Protecting the Integrity & Reputation of Irish Horseracing

Sean McDermott Appeal - Tramore, 13 April 2013

The Appeals Body (Division Two), Judge Tony Hunt (in the Chair), Peter Allen and Dr. Colm O’Flaherty met at the Stewards Room, Punchestown Racecourse, Co. Kildare on Saturday, 27th April 2013, to consider the appeal of Sean McDermott (rider), against the decision of the Stewards at Tramore on 13th April 2013,  where he was suspended for two race days following the running of the ‘Like Tramore Racecourse on Facebook Handicap Steeplechase’, as the Stewards found he was in breach of Rule 208 as a result of his actions in the second false start for that race.

His grounds of appeal were that he was not in breach of the rule.

Prior to evidence being heard in relation to the incident itself, Andrew Coonan made a number of submissions on the conduct of the original appeal and in particular on the role of Patrick Coveney, (steward on the day) who had given evidence to the stewards on what he had observed at the start of the race prior to absenting himself from the deliberations. In his submissions, Mr. Coonan referred to the transcript which indicated that Mr. Coveney had participated in the enquiry up to the point that the riders were charged and the decision on the day was tainted as a result. Michael O’Donoghue, (steward on the day) said that Mr. Coveney was there as a steward and gave evidence on what he saw from his race position and that he had left the room before the stewards had commenced their deliberations. He said that the wording used by the chairman Nicholas Lambert to sum up how the decision was reached could be interpreted in a number of ways but he assured the Appeals Body that Mr. Coveney did not deliberate.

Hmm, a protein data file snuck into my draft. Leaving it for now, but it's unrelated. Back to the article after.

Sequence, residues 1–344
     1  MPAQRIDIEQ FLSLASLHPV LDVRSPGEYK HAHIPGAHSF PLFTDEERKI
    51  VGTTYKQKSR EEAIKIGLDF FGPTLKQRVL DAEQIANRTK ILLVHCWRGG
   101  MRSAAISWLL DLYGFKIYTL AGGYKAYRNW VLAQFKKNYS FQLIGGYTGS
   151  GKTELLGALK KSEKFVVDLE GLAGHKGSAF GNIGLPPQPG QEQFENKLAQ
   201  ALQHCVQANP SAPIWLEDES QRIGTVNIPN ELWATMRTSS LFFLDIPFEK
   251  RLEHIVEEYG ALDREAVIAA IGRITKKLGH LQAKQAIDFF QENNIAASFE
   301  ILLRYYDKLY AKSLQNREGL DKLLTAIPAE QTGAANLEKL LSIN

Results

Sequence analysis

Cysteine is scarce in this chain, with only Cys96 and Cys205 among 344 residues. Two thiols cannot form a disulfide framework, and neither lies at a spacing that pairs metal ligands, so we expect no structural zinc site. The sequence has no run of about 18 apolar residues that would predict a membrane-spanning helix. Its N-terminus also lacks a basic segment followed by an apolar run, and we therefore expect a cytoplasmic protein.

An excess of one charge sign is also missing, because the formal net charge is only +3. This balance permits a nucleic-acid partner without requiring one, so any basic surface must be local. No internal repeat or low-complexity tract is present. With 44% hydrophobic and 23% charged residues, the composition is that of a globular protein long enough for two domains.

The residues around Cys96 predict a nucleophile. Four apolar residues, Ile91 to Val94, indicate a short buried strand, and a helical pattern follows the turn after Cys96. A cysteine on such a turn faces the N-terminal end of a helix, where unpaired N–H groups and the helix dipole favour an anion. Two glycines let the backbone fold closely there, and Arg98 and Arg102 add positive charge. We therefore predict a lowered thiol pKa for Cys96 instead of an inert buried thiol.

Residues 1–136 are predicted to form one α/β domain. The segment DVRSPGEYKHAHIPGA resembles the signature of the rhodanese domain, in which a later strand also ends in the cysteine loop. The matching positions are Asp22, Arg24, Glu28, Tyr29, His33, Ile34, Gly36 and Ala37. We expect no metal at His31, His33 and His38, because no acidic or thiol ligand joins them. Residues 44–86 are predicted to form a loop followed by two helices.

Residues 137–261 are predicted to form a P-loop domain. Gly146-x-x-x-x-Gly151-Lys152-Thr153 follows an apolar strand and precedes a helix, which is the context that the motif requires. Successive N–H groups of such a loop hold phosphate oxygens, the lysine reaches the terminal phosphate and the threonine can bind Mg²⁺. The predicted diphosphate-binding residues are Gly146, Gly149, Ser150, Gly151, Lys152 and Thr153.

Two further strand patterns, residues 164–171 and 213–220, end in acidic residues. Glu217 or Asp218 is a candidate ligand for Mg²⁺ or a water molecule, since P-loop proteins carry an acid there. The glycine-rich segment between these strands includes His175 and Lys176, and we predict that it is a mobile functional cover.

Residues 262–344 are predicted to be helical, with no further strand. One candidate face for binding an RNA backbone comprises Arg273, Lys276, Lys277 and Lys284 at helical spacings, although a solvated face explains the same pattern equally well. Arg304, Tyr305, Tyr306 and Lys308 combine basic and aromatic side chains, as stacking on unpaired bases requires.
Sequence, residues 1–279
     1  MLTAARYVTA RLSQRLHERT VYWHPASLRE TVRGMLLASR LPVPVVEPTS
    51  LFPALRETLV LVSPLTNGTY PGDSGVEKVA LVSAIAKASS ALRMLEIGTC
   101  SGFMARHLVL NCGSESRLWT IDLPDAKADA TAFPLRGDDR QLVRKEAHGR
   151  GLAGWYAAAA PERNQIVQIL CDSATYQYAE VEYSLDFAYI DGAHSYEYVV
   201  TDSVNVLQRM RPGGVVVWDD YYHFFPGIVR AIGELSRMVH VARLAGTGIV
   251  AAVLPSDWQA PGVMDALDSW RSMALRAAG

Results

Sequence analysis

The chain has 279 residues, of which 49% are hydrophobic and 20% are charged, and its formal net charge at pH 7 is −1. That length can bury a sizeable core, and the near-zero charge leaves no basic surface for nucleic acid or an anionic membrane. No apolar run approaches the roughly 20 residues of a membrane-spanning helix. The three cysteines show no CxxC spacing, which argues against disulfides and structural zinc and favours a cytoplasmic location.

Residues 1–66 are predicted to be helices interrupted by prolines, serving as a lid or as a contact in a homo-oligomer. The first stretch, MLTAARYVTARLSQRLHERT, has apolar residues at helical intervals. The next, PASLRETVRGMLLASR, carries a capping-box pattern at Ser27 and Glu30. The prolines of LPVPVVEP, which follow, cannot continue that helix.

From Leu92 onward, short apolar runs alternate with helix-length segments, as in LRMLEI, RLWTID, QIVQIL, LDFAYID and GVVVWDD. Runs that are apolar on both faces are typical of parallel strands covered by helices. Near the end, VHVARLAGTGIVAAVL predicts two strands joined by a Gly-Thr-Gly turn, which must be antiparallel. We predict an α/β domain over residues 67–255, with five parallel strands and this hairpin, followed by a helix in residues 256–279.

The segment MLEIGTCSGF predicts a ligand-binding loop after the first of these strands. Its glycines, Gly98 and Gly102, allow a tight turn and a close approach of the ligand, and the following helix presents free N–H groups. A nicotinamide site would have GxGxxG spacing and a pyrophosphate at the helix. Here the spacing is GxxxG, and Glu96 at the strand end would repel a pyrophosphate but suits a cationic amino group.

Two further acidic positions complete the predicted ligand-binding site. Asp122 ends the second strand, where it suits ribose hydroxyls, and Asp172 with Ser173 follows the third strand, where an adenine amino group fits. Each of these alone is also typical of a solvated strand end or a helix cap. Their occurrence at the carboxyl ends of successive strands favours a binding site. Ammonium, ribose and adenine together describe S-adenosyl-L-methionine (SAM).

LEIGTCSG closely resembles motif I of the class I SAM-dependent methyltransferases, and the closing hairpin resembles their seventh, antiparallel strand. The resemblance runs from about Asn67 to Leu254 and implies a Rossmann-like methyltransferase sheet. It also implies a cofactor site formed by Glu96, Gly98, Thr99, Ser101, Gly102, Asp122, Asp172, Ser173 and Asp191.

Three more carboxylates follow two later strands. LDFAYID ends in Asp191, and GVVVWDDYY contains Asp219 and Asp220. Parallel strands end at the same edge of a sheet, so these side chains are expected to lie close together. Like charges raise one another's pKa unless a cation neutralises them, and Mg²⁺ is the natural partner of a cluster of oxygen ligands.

Having considered the preliminary submissions, the Appeals Body ruled that Mr. Coonan was alleging that the original hearing was defective due to a steward who was a witness being present at some point during the deliberations. They stated that it was important to emphasise that the role of a steward involved observing or witnessing the course of a race and, if necessary, utilising their personal observations to contribute to the reaching of a decision in any subsequent enquiry.  It followed that a steward was entitled to put forward his or her observations in the course of a subsequent enquiry. The role of a steward was equivalent to a referee in other sports, rather than to a judge presiding over litigation.   

In this case, the chairman was had acted cautiously and fairly by treating Mr. Coveney as a witness and requesting him to withdraw from the deliberations of the stewards. In fact, Mr. Coveney was entitled to have participated in the deliberations, and any steward was entitled to express their view on relevant matters, either directly to witnesses in the course of an enquiry, or in subsequent closed deliberations. The Appeals Body felt that there was no defect in the procedures followed by the stewards.  On the contrary, the chairman had afforded more fairness than the minimum required by requesting Mr. Coveney to leave prior to the commencement of deliberations, and Mr. Coveney had also acted fairly by expressing his views in the presence of witnesses in the course of the evidence.

The Appeals Body then heard evidence from Sean McDermott, Mark Enright (rider), Ian McCarthy (rider), David Maher (Turf Club Judge) on the day, and Derek Cullen (starter).  Film of the race was also viewed.

Having considered the evidence, the Appeals Body found that Sean McDermott was in breach of Rule 208, in that he did not bring his mount back behind the marker pole when requested to do so by the starter.  In view of his record, the Appeals Body reduced the penalty to a severe caution and ordered that 50% of his appeal deposit be forfeited.

The case was presented by Conal Boyce, Solicitor, Naas, Co. Kildare.  Sean McDermott was represented by Andrew Coonan Coonan, Coonan Cawley Solicitors, Naas, Co. Kildare.


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